-

The Observer is a Student-run, daily print & online newspaper serving Notre Dame & Saint Mary's. Learn more about us.

-

archive

ND alumna speaks about Rock Band

John Cameron | Monday, November 23, 2009

The role of smart marketing decisions in the rise of the Rock Band video game phenomena was emphasized by Notre Dame alumna Christina Glorioso during her lecture at the Mendoza College of Business Friday.

Glorioso, now VP of Marketing Partnerships for MTV Networks, has worked with Clear Channel and SFX sports before moving to Viacom and ultimately ending up at MTV Networks Music and Logo Group.

Glorioso spoke primarily about her day-to-day work in the promotion and marketing of the Rock Band franchise, one of MTV’s most recent and successful branding ventures, largely overseen by Glorioso.

MTV’s part in the Guitar Hero franchise was initially limited to a promotional role, as the game was produced by a small developer, Harmonix Music and published by Red Octane. But Glorioso said once Guitar Hero was sold to ActiVision, a major games developer, MTV saw an opportunity to take a more active role in the budding music-based video game industry.

Glorioso said MTV Games’ strategy was to expand upon the Guitar Hero concept by creating a full band platform, which emphasized staying true to the music.

“We created Rock Band to be more authentic, even if you’re playing on plastic instruments,” she said. “We’re re-engaging people with music.”

Within 15 months, the Rock Band franchise had made $1 billion in revenue.

“It took MTV 18 years to become a billion-dollar company. Rock Band did it in 15 months. That is astounding,” she said.

A large part of MTV’s marketing strategy is to utilize its existing TV presence to publicize Rock Band.

“We use our networks in the United States to promote our game,” she said.

Glorioso said one of the major television promotions, an animated commercial based on the album cover of the Beatles’ “Abbey Road,” proved a great success in promoting “The Beatles: Rock Band,” which sold over 600,000 copies in its first month.

In addition to commercials, MTV marketed the game by scheduling frequent Beatles-related programming on its various stations, which include MTV and its affiliates, VH1, BET, CMT, Logo and Nickelodeon.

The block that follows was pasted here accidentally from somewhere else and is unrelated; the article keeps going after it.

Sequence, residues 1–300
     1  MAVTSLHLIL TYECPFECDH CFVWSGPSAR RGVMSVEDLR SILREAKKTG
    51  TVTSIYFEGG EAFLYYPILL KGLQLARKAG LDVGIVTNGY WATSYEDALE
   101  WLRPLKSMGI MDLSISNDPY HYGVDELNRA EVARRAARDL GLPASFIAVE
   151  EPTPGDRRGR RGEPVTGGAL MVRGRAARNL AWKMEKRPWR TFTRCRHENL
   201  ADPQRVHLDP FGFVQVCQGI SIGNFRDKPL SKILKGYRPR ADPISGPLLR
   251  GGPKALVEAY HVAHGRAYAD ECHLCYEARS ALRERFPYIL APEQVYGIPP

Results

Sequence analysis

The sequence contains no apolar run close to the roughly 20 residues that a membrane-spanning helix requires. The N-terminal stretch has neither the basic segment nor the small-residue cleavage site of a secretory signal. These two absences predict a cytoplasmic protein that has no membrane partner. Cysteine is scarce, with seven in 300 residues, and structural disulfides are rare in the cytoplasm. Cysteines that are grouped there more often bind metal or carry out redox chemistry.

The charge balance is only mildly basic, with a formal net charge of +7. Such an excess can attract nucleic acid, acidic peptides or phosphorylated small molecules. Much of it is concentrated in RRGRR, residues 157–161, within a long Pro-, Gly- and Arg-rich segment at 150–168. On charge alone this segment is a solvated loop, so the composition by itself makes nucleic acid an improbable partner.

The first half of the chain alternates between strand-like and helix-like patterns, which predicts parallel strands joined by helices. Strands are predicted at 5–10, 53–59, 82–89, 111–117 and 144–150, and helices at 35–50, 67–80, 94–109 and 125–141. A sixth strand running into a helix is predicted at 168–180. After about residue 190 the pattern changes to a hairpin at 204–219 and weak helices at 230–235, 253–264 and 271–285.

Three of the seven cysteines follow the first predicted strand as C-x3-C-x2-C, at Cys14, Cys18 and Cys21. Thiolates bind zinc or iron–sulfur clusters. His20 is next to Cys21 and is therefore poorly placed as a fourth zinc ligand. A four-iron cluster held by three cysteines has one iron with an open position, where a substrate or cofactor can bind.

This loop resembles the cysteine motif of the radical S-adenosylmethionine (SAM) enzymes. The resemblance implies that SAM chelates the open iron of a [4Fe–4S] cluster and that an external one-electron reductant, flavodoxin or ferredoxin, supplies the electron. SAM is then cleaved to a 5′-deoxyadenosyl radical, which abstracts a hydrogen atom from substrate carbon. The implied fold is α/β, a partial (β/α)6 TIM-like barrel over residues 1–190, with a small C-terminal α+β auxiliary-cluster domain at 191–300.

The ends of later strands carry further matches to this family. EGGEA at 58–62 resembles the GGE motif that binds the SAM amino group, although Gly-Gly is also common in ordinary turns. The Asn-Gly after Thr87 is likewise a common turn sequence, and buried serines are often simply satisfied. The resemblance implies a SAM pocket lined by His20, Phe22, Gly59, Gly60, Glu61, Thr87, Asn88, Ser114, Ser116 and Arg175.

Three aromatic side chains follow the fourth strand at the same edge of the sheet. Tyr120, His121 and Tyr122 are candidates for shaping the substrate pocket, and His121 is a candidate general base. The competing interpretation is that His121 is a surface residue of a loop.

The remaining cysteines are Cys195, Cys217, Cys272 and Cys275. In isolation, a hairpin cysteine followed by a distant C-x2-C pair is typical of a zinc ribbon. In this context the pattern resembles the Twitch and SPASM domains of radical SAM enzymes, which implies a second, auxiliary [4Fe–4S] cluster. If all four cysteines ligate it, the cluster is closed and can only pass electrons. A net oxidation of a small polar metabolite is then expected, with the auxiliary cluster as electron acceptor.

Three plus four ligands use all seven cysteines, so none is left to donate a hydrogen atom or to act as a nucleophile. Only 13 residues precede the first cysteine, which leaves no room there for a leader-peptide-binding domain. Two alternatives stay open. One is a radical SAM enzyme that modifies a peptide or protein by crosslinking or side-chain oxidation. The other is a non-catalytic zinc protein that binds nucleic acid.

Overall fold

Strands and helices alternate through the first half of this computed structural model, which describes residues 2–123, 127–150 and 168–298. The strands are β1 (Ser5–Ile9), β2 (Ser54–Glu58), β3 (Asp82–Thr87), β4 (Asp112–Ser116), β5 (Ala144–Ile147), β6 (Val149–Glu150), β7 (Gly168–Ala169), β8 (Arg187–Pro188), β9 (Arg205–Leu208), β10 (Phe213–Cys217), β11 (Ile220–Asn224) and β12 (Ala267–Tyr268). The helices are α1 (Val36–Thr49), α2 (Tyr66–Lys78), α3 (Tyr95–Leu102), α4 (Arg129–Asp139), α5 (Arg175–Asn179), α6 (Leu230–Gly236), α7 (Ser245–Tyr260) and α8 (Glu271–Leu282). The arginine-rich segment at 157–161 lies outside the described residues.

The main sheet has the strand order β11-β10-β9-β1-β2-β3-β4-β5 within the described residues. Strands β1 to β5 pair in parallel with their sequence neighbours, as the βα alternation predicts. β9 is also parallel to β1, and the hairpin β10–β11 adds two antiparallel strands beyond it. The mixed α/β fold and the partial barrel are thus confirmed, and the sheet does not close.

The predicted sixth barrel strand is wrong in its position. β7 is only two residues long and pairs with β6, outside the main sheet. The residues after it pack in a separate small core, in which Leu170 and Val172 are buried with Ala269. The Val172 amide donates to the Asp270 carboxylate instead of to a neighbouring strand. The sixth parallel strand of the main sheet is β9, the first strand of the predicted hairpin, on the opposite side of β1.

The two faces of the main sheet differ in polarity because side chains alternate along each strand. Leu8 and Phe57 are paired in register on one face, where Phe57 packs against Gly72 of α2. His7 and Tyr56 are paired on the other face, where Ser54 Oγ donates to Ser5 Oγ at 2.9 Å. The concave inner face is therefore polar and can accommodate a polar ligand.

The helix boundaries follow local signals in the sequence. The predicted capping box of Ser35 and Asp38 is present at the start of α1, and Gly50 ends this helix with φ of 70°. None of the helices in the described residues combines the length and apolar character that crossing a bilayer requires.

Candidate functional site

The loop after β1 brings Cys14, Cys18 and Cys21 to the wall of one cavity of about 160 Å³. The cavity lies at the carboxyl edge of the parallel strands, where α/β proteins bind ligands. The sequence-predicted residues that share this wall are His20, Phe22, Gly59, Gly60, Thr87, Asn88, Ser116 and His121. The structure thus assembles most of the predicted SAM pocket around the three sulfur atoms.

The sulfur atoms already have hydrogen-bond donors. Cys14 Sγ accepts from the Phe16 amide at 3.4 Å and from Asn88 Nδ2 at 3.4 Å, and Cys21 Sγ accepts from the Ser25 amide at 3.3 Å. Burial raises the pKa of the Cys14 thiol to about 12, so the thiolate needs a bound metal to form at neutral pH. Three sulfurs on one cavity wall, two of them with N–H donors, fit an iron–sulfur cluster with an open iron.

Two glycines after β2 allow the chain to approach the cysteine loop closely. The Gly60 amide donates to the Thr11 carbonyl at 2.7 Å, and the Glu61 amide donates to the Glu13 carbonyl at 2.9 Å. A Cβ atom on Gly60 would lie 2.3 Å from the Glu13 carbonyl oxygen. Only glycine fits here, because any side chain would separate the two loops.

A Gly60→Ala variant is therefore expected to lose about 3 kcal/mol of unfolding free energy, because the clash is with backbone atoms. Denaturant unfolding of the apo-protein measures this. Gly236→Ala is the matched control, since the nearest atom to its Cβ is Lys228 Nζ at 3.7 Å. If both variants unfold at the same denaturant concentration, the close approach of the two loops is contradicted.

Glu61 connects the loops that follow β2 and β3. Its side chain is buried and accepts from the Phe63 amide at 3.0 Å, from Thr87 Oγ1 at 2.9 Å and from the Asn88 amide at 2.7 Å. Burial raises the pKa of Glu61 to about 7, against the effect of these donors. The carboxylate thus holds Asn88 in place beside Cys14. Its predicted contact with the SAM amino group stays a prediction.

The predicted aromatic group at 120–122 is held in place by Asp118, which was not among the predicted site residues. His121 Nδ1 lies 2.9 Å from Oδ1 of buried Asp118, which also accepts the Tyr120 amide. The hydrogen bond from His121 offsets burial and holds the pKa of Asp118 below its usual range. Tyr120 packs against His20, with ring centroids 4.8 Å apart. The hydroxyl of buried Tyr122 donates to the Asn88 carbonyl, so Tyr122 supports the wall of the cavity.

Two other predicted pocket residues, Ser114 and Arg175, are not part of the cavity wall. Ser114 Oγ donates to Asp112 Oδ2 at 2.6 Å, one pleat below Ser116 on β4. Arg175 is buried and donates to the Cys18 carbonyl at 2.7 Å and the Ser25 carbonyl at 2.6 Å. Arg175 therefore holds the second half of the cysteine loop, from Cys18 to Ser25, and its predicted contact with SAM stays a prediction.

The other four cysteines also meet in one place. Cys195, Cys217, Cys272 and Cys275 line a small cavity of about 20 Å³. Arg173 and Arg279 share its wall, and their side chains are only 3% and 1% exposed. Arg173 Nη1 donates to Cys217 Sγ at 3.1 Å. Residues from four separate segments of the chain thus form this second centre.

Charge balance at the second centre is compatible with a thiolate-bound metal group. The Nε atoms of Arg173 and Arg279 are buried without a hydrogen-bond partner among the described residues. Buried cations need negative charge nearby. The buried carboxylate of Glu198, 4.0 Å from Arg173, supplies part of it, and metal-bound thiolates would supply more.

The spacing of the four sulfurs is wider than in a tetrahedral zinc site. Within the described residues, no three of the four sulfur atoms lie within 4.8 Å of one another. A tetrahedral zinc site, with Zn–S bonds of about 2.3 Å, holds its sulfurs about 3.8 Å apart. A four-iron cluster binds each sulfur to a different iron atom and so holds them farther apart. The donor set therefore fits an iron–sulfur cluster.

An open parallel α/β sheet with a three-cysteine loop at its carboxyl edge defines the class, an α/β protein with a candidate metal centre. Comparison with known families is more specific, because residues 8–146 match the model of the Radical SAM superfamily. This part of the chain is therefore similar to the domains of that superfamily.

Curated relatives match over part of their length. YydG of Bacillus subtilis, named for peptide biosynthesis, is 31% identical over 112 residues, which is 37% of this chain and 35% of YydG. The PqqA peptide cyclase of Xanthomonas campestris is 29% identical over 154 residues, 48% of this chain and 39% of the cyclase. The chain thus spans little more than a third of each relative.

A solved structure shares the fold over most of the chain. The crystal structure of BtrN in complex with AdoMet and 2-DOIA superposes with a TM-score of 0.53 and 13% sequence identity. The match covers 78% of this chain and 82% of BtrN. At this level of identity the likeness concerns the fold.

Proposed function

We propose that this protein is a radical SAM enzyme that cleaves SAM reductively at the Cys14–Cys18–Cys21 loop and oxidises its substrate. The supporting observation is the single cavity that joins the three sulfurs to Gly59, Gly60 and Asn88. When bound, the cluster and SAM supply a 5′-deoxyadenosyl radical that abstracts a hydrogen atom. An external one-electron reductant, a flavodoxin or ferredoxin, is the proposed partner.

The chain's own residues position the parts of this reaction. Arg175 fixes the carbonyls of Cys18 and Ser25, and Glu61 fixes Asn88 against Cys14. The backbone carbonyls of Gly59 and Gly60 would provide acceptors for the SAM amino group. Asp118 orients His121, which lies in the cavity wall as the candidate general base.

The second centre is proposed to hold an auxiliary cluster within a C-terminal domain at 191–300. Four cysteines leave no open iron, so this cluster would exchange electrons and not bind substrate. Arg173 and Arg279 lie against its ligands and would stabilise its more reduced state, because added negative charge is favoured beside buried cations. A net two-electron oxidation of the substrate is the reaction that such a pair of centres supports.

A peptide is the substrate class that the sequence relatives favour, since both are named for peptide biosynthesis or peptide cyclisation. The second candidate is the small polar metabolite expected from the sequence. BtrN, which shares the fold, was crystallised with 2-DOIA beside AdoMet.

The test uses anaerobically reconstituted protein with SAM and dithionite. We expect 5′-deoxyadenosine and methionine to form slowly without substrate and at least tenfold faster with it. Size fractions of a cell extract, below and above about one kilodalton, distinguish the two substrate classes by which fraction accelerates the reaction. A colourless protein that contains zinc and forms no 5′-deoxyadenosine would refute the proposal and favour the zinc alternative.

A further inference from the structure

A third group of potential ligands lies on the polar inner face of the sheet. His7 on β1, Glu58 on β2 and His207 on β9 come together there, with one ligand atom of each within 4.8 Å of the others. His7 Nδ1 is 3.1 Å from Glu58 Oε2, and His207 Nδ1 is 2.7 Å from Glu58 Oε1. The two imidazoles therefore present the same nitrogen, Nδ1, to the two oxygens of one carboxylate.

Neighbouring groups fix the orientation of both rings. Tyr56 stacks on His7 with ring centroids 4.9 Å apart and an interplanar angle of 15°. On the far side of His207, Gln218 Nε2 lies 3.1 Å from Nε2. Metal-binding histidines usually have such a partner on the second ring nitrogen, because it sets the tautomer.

The Beatles: Rock Band’s huge sales make up only a fraction of the franchise’s total sales, which have surpassed 30 million units in North America alone.

Despite Rock Band’s massive sales figures, Glorioso and MTV Games have even greater aspirations for the franchise. According to Glorioso, various new markets have been explored through the various Rock Band add-ons meant to appeal to niche groups such as country and heavy metal fans (with genre-based “Track Packs”, bar crowds (with “Rock Band: Bar Night”) and families with children (with “Lego Rock Band”).

In staying true to its emphasis on the music, the Rock Band marketing strategy is now becoming more and more centered on the sale of additional music titles to players to be used in the game.

“The new experience in our game is the music,” Glorioso said. “We make a lot of money in song sales.”

Glorioso said MTV Games’ latest Rock Band venture, Rock Band Network, is set to revolutionize the music-based video game industry in the first quarter of 2010. The Network will allow artists, signed or unsigned, to code, submit and sell their own original music online to be used within the Rock Band games.

Glorioso, who co-founded iNDustry Alliance, the University’s networking group for alumni in the entertainment industry, emphasized the importance of networking and making connections in the entertainment world, and offering assistance to those looking to do so, specifying one condition.

“I only ask that once you graduate and get a job that you come back and do the same,” she said.